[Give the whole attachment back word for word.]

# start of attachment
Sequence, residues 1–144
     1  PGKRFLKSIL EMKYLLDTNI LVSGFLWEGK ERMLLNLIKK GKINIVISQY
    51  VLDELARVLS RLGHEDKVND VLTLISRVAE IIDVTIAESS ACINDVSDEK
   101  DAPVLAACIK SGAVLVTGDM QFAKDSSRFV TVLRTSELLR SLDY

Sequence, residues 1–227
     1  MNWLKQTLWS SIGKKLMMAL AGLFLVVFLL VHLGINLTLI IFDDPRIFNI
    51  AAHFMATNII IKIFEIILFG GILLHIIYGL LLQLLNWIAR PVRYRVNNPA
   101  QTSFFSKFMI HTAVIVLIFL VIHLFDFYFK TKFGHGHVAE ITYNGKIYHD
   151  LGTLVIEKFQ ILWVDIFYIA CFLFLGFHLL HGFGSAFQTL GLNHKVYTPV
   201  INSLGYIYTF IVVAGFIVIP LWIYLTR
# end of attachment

Sequence, residues 1–144
     1  PGKRFLKSIL EMKYLLDTNI LVSGFLWEGK ERMLLNLIKK GKINIVISQY
    51  VLDELARVLS RLGHEDKVND VLTLISRVAE IIDVTIAESS ACINDVSDEK
   101  DAPVLAACIK SGAVLVTGDM QFAKDSSRFV TVLRTSELLR SLDY

Sequence, residues 1–227
     1  MNWLKQTLWS SIGKKLMMAL AGLFLVVFLL VHLGINLTLI IFDDPRIFNI
    51  AAHFMATNII IKIFEIILFG GILLHIIYGL LLQLLNWIAR PVRYRVNNPA
   101  QTSFFSKFMI HTAVIVLIFL VIHLFDFYFK TKFGHGHVAE ITYNGKIYHD
   151  LGTLVIEKFQ ILWVDIFYIA CFLFLGFHLL HGFGSAFQTL GLNHKVYTPV
   201  INSLGYIYTF IVVAGFIVIP LWIYLTR